Gene Michael Stover was reading about design patterns & thought that the Visitor design pattern dissolves into a non-issue in CLOS, but that seems too good to be true. Could someone check my reasoning & back it up or tell me where I went wrong?
The purpose of the Visitor design pattern is to allow new operations to be added to a class hierarchy without recompiling the class hierarchy.
The Design Patterns book & also Modern C++ Design (by Alexandrescu) implement the Visitor D.P. for C++. They add an Accept method to each class in the main hierarchy. The Accept methods call the appropriate method on a Visitor object.
To me (Gene Michael Stover), it looks like the Visitor design pattern simplifies hugely in Lisp/CLOS.
You can get a half-hearted simplification because CLOS methods can dispatch on more than one object, so you don't need to add an Accept method to the hierarchy that you don't want to alter but that you want to add the operation to. Here's an example:
(defclass Apple ...) ; a concrete class (defclass Banana ...) ; ditto (defclass Orange ...) ; guess what (defclass Fruit-Basket ...) ; concrete container of fruit ;; Here's how we can create a Visitor object to sum the ;; calories in the other objects, but without adding any ;; methods to the other classes. (In the C++ implementations, ;; the other classes would need Accept methods.) (defclass calorie-counting-visitor ...) (defmethod visit ((vis calorie-counting-visitor) (app apple) ; count & return the calories in the ; apple ) (defmethod visit ((vis calorie-counting-visitor) (ban banana)) ...) (defmethod visit ((vis calorie-counting-visitor) (ora orange)) (defmethod visit ((vis calorie-counting-visitor) (fb fruit-basket)) (loop for fruit in fb (accumulate (visit vis fruit)))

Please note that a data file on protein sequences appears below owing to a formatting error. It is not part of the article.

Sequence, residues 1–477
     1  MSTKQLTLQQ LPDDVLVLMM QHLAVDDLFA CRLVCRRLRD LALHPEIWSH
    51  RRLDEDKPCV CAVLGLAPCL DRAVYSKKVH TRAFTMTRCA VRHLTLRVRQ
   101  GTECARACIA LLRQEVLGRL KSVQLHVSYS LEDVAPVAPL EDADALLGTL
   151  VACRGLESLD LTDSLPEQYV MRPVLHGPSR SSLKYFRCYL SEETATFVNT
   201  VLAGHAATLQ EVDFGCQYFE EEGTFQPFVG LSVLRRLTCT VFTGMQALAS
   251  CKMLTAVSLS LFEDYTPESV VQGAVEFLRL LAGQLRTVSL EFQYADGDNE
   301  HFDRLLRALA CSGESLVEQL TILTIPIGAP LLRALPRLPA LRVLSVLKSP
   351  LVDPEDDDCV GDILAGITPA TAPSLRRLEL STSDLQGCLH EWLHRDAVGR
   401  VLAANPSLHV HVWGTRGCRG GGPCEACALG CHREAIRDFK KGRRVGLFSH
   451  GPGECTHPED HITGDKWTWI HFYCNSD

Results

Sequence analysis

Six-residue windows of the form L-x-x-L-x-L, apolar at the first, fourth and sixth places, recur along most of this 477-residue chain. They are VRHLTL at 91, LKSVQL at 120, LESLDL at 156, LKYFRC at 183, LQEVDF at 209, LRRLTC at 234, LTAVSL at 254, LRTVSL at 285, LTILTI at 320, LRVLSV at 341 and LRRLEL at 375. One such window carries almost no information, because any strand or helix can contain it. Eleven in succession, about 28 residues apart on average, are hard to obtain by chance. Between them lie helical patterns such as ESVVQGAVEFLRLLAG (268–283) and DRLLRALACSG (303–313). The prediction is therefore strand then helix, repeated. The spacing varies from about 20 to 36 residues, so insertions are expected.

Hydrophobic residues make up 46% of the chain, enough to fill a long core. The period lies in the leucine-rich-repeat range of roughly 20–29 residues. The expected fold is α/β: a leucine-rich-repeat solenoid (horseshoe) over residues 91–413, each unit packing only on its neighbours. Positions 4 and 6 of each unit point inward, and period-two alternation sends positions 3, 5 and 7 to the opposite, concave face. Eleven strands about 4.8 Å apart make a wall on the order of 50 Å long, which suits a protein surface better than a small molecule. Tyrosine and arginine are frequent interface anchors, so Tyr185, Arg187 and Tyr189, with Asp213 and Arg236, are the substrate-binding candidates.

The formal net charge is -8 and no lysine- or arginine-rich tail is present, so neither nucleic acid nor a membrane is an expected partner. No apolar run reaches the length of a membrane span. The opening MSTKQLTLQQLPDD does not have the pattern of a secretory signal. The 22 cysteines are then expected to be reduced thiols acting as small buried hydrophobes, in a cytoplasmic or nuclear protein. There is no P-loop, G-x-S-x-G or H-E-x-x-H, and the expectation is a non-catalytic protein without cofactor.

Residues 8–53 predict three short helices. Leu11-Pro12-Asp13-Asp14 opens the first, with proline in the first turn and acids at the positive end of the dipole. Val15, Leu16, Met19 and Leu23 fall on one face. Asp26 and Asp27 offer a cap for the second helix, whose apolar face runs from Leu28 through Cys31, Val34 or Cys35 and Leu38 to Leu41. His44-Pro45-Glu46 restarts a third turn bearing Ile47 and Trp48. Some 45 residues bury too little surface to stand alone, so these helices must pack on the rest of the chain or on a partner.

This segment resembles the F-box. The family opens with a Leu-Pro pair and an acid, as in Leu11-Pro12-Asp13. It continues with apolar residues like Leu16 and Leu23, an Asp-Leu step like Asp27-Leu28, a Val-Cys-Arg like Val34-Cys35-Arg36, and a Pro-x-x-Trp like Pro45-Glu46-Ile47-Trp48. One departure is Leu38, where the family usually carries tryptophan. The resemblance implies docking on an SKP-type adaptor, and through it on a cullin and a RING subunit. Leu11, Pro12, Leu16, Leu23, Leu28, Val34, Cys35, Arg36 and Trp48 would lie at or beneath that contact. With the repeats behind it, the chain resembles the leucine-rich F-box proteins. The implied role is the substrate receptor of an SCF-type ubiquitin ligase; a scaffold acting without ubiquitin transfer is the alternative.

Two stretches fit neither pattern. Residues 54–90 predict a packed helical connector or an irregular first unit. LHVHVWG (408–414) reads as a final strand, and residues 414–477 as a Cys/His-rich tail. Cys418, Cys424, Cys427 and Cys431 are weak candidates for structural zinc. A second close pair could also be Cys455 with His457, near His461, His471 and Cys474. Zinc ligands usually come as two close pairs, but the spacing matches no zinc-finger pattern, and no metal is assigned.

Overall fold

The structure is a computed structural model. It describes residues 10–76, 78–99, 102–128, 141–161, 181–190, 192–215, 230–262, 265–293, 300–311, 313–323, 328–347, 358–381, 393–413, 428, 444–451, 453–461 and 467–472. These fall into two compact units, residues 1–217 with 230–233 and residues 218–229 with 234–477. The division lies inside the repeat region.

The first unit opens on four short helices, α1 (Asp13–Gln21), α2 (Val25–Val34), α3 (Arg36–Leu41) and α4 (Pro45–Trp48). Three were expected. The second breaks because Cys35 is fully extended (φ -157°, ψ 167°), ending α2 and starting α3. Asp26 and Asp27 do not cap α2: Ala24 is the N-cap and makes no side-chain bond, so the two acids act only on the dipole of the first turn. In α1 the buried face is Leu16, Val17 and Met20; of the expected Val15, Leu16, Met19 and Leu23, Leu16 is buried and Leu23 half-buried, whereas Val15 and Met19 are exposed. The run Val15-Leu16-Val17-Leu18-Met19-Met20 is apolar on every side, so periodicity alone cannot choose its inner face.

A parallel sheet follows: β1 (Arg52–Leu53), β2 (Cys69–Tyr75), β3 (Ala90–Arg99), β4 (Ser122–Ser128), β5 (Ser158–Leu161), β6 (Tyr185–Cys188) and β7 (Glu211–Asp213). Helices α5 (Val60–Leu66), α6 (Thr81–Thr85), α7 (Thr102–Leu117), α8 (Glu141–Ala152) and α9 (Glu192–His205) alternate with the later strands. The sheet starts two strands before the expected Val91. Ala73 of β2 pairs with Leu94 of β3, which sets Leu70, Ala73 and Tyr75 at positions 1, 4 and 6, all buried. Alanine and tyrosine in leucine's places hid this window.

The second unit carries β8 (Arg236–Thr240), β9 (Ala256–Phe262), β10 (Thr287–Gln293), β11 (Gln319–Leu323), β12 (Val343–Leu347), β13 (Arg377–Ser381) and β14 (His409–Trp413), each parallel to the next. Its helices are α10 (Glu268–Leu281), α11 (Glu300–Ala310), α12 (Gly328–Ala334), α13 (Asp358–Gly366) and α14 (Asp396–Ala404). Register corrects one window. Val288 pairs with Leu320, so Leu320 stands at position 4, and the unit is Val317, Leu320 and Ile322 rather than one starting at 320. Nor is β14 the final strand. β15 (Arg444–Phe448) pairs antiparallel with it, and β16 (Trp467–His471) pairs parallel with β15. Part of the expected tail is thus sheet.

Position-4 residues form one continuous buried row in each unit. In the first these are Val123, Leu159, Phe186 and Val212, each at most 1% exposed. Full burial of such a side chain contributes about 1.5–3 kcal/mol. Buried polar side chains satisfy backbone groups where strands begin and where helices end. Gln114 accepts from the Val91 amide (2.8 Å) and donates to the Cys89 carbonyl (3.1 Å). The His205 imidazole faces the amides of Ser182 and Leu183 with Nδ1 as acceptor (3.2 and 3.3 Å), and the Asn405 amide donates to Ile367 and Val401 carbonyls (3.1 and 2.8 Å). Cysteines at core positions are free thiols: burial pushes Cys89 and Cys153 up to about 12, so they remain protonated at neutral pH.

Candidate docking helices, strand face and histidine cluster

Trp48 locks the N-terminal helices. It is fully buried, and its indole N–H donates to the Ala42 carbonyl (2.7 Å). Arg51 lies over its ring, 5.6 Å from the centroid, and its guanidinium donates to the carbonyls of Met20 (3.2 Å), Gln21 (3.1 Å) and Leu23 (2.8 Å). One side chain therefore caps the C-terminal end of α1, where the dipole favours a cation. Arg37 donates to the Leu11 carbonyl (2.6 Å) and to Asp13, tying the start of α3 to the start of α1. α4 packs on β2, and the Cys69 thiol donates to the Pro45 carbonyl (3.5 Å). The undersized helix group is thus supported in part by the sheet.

I think the example is correct. It mimicks the Visitor design pattern implementations for C++ except that there is no need for an Accept method on the concrete classes. But because the purpose of the Visitor design pattern is to add operations to classes in a hierarchy without changing (& recompiling) that hierarchy, I think a further simplification is possible via CLOS's multi-dispatch feature. You don't even need the CalorieCountingVisitor class at all. Here is an exmple:
Assume the Apple, Banana, Orange, & Fruit-Basket classes are defined elsewhere, & you want to add calorie-counting functionality without alterning those classes. No sweat! In another file, create a Count-Calories generic & methods, like this:
(defgeneric count-calories (x) ...) (defmethod count-calories ((self apple)) ...) (defmethod count-calories ((self orange)) ...) (defmethod count-calories ((self banana)) ...) (defmethod count-calories ((self fruit-basket) (loop for x in self (accumulate (count-calories x))))
It looks like CLOS makes the Visitor design pattern superfluous or a non-issue. Certainly the implementation of Visitor does not require the complex code in the Modern C++ Design book.
It sounds too good to be true. Can someone verify or refute what I've written? (Gene Michael Stover. Go ahead & remove my pseudo-signatures if you see fit after the question is answered.)
You are exactly correct. This is one of those things that finally convinced me that typical OO models are far too limiting; CLOS's decoupling of methods and objects, and the availability of multimethods, is the right way to do things. (I am thoroughly sick and tired of maintaining all the visitor classes in my C++ relational algebra library at work.) If you hunt around on the net a bit, for instance at the C2 wiki, you'll find discussions regarding the fact that many of the Gang of Four OO patterns are just not at all relevant to Lisp, because they're too trivial to warrant a pattern when implemented with CLOS.
But wait, there's more. Paul Graham said ``Peter Norvig found that 16 of the 23 patterns in Design Patterns were "invisible or simpler" in Lisp.'' See http://www.norvig.com/design-patterns/
Gene Michael Stover's comments about Visitor can be found at http://www.lisp-p.org/controversy/
They include a pointer to "Design Patterns Considered Harmful" by Dave Smith at http://perlmonks.thepen.com/133399.html